But analysts said although Mugabe had avoided a storm in his own party, it was bad news for the nation.
“If anything, Mugabe has become a huge liability to both the party that has endorsed him as its presidential candidate and the country he wishes to lead,” said a political analyst in the capital Harare.
“Both Mugabe himself and his party no longer have a vision for leading the nation. Leadership is all about a vision for the future, not simply occupying the highest office in government.
“In Mugabe’s case the situation is bound to be worse if he wins next year’s election. He not only lacks the vision but has lost the goodwill of his own people, who have suffered for 27 years under his rule. He has alienated the international community by his lack of respect for the law and property rights.”
The analyst noted that the leader in any organisation provides the “emotional anchor” upon which that organisation is judged.
“In our case Mugabe’s name evokes the worst memories of any leader. That means with him at the helm we have no chance to reconnect with other nations, we have no chance to normalise relations, which can only mean more suffering for the people of Zimbabwe,” he said.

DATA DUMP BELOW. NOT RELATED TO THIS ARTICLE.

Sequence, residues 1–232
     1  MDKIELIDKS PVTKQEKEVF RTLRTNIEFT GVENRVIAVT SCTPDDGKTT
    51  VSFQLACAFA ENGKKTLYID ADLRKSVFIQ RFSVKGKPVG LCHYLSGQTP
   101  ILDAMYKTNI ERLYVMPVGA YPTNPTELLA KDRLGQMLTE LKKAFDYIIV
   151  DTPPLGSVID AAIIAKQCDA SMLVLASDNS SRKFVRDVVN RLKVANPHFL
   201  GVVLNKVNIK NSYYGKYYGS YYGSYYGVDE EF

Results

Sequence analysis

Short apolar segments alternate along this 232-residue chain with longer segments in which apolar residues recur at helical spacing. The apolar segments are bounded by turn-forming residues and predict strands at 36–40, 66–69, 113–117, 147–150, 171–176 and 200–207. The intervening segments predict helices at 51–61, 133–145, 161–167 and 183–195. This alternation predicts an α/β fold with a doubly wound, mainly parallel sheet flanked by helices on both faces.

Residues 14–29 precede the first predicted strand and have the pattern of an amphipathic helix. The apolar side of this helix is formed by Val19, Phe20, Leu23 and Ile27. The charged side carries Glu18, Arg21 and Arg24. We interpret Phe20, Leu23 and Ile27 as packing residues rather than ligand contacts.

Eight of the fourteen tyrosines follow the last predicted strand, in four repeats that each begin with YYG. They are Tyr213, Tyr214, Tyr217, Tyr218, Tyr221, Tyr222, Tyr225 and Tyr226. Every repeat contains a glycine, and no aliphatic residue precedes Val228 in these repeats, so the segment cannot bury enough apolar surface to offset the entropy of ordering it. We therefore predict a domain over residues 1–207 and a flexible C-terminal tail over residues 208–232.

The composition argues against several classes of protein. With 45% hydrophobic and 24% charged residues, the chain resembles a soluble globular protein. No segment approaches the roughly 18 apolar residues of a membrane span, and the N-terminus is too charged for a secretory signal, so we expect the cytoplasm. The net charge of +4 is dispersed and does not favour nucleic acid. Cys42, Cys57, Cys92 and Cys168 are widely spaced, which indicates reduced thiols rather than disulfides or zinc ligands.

Zimbabwe has experienced a precipitous economic decline since 2000, when the government started seizing white commercial farms. Since then, unemployment has run riot at nearly 85 per cent, with the world’s highest inflation of more than 8,000 per cent.
This has given rise to a vocal opposition. The Movement for Democratic Change, MDC, led by Morgan Tsvangirai, in 2000 narrowly lost to ZANU-PF when it won 57 seats against the ruling party’s 63 seats in parliament.
However, the MDC suffered a major split in 2005 over whether the party should participate in the election of members of the revived second house of parliament, the Senate. It has lately been convulsed by further internal strife after the party leadership dissolved the influential Women’s Assembly, led by Lucia Matibenga, replacing her with the wife of a colleague of Tsvangirai.
Analysts accuse the MDC of lacking strategic thinkers despite the many failures by Mugabe and his ruling party.